Study of Earth’s climate through maths lands Reading researcher European award
Release Date 23 October 2019
A mathematician at the University of Reading has been awarded a top European prize for his application of statistical mechanics to climate processes.
Professor Valerio Lucarini was this week awarded the Lewis Fry Richardson Medal by the European Geosciences Union (EGU). The prize is presented annually to scientists for exceptional contributions to the study of Earth and space.
At 43, Dr Lucarini is the youngest ever recipient of the award since it was established in 1998. His work includes using complex mathematics to better understand changes in the global climate, and the risks associated with this. He received the Whitehead Prize from the London Mathematical Society in 2018.
Dr Lucarini, Professor of Statistical Mechanics at Reading, said: “It’s a huge honour to receive this prize. The work of people who have collaborated with me over the years has been essential to this achievement.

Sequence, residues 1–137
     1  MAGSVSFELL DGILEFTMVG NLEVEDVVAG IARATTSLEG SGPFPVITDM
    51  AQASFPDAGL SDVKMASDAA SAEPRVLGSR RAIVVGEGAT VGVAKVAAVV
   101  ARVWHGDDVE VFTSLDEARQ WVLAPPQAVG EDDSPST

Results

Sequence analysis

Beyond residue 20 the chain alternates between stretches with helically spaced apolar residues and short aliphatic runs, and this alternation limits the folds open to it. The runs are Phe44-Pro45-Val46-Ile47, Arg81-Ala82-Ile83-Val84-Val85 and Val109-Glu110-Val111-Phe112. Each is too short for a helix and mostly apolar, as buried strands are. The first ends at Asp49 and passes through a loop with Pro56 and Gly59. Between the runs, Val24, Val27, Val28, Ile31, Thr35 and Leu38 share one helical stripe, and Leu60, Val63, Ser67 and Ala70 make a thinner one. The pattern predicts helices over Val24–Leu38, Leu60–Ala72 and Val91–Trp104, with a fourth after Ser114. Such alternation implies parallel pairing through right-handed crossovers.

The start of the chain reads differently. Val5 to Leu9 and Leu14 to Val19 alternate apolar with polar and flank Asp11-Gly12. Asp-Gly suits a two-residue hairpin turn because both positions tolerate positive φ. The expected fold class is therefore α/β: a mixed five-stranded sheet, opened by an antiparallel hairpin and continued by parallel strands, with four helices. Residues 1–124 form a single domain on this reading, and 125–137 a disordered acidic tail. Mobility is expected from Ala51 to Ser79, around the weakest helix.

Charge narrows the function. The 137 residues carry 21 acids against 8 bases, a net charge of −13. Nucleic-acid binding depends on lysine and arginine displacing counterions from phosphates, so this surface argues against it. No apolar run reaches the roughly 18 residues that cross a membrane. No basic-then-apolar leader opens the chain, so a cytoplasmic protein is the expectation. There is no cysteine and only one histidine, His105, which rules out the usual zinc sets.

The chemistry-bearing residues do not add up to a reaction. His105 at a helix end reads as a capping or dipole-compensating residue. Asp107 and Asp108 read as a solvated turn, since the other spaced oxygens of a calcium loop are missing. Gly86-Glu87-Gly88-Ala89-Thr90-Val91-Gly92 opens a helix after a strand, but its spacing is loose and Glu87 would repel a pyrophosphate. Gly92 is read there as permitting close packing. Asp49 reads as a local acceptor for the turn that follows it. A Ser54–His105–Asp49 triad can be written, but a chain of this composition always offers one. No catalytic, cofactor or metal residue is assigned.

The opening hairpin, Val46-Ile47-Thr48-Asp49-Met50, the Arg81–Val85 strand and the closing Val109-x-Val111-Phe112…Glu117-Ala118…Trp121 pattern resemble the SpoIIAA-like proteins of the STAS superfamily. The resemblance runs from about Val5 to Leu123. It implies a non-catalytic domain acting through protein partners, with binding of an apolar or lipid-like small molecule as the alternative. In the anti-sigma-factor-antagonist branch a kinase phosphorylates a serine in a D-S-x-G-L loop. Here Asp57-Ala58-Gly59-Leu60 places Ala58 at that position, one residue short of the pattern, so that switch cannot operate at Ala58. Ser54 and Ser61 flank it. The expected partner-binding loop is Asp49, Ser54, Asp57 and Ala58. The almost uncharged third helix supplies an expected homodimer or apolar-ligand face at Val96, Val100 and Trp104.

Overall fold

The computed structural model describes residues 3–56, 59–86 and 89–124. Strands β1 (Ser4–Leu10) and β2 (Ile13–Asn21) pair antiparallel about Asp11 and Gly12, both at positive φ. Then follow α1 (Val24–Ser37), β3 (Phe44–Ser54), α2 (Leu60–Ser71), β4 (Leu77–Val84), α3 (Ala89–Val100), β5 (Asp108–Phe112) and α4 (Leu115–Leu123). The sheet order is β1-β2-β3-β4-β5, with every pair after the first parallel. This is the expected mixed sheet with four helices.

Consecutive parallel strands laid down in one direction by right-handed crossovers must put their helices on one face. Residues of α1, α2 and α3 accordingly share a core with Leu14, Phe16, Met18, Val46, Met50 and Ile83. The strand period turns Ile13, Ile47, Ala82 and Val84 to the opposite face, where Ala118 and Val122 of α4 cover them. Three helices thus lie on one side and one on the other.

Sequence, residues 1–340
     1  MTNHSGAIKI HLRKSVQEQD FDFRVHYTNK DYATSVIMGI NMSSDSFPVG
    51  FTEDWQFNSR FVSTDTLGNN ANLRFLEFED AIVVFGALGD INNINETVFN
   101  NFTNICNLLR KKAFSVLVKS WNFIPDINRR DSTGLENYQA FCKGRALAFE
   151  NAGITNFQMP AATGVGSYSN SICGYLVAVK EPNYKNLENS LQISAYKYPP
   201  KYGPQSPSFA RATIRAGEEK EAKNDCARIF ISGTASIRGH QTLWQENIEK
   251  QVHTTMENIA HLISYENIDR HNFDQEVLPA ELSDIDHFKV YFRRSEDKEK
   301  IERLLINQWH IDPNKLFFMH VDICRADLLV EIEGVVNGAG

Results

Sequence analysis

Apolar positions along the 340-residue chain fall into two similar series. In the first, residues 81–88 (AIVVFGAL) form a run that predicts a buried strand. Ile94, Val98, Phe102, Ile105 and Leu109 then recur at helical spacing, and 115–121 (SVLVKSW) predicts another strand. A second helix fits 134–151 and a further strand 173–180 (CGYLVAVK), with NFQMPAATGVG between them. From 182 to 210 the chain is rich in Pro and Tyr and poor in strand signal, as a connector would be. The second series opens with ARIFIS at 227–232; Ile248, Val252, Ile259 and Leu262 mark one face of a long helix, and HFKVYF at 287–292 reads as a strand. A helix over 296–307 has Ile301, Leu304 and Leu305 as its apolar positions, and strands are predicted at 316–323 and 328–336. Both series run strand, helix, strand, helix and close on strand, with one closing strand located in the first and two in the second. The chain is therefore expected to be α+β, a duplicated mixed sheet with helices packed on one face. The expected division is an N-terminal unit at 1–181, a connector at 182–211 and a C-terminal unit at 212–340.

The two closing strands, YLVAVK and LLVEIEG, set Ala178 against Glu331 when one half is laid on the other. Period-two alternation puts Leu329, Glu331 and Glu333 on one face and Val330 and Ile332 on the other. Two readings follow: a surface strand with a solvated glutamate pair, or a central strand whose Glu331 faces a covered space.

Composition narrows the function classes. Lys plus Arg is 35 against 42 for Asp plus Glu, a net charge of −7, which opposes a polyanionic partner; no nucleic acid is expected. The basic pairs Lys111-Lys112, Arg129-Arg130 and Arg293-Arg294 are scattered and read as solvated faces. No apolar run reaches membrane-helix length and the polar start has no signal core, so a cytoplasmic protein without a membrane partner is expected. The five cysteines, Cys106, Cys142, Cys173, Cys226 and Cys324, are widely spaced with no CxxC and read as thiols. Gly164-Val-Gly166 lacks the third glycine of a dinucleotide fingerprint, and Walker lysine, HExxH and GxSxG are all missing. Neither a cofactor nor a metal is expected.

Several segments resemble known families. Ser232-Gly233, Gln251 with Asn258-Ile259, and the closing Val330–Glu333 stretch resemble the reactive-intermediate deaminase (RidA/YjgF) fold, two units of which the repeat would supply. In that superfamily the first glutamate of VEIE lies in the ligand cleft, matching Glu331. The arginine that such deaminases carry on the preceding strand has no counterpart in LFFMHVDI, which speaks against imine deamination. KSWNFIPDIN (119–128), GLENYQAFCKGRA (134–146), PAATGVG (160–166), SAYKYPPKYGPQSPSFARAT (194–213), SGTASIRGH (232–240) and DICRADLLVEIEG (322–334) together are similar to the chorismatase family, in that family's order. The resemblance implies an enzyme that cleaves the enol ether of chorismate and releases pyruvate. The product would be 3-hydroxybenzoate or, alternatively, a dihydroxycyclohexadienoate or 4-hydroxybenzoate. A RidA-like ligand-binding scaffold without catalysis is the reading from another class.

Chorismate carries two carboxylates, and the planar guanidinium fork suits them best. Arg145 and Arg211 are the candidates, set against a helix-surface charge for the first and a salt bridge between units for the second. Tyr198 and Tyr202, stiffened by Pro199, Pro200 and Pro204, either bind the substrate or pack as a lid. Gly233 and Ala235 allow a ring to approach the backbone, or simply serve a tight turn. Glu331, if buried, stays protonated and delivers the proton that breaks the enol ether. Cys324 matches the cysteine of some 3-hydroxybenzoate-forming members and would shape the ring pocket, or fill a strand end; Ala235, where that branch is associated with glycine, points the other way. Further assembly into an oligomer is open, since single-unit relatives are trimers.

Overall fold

“Looking at the list of previous winners, there are some of the biggest names in my field – people who have been very important to my scientific life.
“I see this prize as a sledgehammer to move forward with some lines of research for me and my colleagues. It gives us courage to keep using this mathematical approach to tackling fundamental issues facing humanity.”
The EGU named 49 scientists as recipients of its 2020 awards, which will be presented at the EGU General Assembly in Vienna on 3-8 May next year.
The EGU is split into 22 scientific divisions, focusing on different areas of Earth, planetary and space sciences. Dr Lucarini’s prize was awarded by the Nonlinear Processes in Geophysics Division.
The Lewis Fry Richardson Medal is named after the scientist who pioneered numerical weather forecasting in the early 20th century.
The University of Reading will host a Mathematics of Planet Earth meeting, arranged jointly by the London Mathematical Society and Institute of Mathematics and its Applications, on 21 November. A series of speakers will discuss how mathematics is becoming more and more useful in the study of planet Earth.